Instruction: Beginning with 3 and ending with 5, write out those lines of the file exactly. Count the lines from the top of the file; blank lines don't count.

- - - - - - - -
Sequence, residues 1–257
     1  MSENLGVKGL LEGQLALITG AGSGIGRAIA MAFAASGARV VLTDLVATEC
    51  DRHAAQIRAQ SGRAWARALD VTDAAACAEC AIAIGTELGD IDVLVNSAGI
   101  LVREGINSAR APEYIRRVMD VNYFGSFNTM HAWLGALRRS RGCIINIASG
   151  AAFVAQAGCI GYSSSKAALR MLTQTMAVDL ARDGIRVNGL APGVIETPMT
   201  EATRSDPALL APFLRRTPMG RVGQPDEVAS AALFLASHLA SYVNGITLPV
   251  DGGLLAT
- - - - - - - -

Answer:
    51  DRHAAQIRAQ SGRAWARALD VTDAAACAEC AIAIGTELGD IDVLVNSAGI
   101  LVREGINSAR APEYIRRVMD VNYFGSFNTM HAWLGALRRS RGCIINIASG
   151  AAFVAQAGCI GYSSSKAALR MLTQTMAVDL ARDGIRVNGL APGVIETPMT